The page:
Before You Lift the COVID-19 Restrictions…

What needs to get done before the country — and the world — can get back to normal.

As a small-but-vocal (dare I say, “vociferous”) minority of people are protesting around the country to lift the restrictions placed on businesses and schools to protect public health, there is no doubt that more and more political authorities are going to be pressured to “re-open” their jurisdictions and return to “normal.” Before they do so safely, there are certain things that need to be in place. Let me tell you what those are from a public health and epidemiological perspective…

First, let’s define normal.” Normal cannot be a society where going without a paycheck for a couple of weeks causes people to go broke. Normal cannot be a society where the oldest and most fragile are concentrated in places with sub-optimal care. And normal cannot be a place where public health decisions are not made by public health experts in consultation with politicians… Not the other way around.

It is not at all easy to create a vaccine. Look at the things that assail humanity day to day and for which we do not yet have a vaccine. Then look at the vaccines we do have and how effective they are. The influenza vaccine varies in effectiveness from season to season and between age groups. The measles vaccine is very good (about 98% effective), but lies and misinformation have ruined its reputation so much so that we see regular measles epidemics in countries that had allegedly “eliminated” measles.

Then there are vaccines like rabies, whose use needs to be very controlled because they are quite immunogenic, so they are capable of causing injury at a wide scale if used in the general population as a preventative measure. Or vaccines like the Bacillus Calmette-Guerin (BCG) againt tuberculosis which are only used in developing nations and mostly to prevent serious complications (like spinal tuberculosis) of the disease and not the disease itself.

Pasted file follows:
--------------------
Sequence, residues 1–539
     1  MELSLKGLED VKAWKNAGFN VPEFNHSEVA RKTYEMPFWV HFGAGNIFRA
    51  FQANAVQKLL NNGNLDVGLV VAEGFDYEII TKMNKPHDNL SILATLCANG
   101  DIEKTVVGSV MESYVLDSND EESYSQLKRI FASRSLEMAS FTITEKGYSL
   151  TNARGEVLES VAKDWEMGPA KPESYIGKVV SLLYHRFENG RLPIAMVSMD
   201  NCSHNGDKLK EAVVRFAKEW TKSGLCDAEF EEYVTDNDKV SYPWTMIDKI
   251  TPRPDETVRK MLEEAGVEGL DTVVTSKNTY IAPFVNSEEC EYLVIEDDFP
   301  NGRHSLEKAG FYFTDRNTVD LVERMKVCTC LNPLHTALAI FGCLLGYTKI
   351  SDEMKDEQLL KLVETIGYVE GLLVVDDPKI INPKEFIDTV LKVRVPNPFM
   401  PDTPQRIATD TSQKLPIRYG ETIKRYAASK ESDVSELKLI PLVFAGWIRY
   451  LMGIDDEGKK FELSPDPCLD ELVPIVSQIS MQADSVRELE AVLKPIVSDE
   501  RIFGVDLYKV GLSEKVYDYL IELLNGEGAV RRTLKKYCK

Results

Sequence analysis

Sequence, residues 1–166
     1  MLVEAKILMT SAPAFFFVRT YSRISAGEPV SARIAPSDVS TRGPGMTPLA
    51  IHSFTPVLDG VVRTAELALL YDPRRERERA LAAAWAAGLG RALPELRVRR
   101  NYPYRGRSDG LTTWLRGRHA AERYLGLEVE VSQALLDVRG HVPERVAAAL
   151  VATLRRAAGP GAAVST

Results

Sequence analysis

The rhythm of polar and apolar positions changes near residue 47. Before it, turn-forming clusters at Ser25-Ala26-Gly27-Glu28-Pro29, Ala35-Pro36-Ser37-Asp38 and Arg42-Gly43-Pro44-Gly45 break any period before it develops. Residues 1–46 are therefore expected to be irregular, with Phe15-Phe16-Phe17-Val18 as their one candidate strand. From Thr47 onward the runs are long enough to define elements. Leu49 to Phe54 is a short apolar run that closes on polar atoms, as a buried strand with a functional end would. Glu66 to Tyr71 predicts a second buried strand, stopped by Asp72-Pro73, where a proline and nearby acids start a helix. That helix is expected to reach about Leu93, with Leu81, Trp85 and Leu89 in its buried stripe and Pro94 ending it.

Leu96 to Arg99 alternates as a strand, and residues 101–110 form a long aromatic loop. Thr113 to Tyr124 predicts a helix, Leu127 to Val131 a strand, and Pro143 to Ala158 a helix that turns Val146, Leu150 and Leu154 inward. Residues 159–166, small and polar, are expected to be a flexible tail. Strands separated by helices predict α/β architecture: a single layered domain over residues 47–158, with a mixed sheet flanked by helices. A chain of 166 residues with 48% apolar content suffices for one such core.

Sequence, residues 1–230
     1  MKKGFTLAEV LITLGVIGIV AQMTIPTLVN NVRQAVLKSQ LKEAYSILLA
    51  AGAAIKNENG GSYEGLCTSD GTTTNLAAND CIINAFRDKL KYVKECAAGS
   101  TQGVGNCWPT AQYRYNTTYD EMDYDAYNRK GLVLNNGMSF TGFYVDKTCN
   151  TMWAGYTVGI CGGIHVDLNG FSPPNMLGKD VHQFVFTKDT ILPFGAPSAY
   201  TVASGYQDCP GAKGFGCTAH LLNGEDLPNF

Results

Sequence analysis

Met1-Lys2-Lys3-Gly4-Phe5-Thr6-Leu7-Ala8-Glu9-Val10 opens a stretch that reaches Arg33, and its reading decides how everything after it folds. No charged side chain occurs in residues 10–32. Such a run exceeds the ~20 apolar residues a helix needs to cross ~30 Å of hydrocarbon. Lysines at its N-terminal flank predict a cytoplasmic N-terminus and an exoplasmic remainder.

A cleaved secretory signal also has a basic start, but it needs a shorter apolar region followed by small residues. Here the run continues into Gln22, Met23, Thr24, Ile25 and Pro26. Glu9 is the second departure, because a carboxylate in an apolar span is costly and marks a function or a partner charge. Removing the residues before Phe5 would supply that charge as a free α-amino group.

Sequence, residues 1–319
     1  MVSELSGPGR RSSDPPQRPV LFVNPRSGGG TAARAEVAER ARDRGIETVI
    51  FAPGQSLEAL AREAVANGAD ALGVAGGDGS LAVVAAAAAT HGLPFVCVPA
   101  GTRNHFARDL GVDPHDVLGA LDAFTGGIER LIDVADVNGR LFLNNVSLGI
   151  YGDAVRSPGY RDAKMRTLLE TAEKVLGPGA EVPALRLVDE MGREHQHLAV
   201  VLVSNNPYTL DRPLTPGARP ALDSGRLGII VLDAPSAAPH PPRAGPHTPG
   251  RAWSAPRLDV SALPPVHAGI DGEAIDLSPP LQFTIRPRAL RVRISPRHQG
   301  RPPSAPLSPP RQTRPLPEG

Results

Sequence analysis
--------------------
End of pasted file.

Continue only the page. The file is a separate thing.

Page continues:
There is also a matter of funding. In the early 2000s, Dr. Peter Hotez at the Baylor College of Medicine almost had a vaccine ready to go against coronavirus. But the coronavirus that caused SARS in 2002–2004 disappeared, and the funding for his vaccine dried up. We would probably have a vaccine this summer if that vaccine had been fully funded to development and trials.

Exactly how long it will take to get a vaccine for the current virus (NCoV-2) is a matter of much debate. Some say we’ll have one by this fall. Others say it will be one year to 36 months. Others say it will be years. Whatever the time is, there is no doubt that this may be the Manhattan Project of our day, something that needs to be fully funded and for which the best and brightest minds must work together instead of competing with each other.

Once a viable vaccine is ready, then we’ll have to figure out who gets it first. Going by the current epidemiology — which may change as the pandemic develops — we might give it to people over the age of 65 first, then those with preexisting conditions that put them at risk for complications, then everyone else. If we find out that children are “super spreaders,” then we include them in the initial wave of vaccinations. And then, of course, there is the matter of access… How do we help developing nations and marginalized groups in developed nations have access to the vaccine?

Respiratory diseases are bad on the elderly and those with preexisting conditions. In the United States, we tend to concentrate those people in skilled nursing facilities because their families generally lack the funds or ability to take care of them at home. Those skilled nursing facilities compete for clients, and, in doing so, they cut costs as much as they can to offer bottom-dollar deals to people who are looking for a place where their loved ones can be cared for.

Bottom-dollar also means low quality, unfortunately. You can only cut costs so much before they start cutting into the quality of the service being provided. That’s capitalism for you, and it’s something that won’t change any time soon without specific actions by the people and the government. The people need to demand better regulation of these facilities to ensure a basic level of quality, and the government needs to institute those demands and bring everyone up to an equitable level.

Part of that effort will need to be sure that the staff of the facility know their stuff. They need to know infection control, cleaning and nursing. It is not enough that they know how to care for someone medically. They need to know that the virus is transmitted by droplets, and that the droplets go a certain distance. They need to know that the virus lands on surfaces and lives on them for a certain time, and how to clean, clean, clean.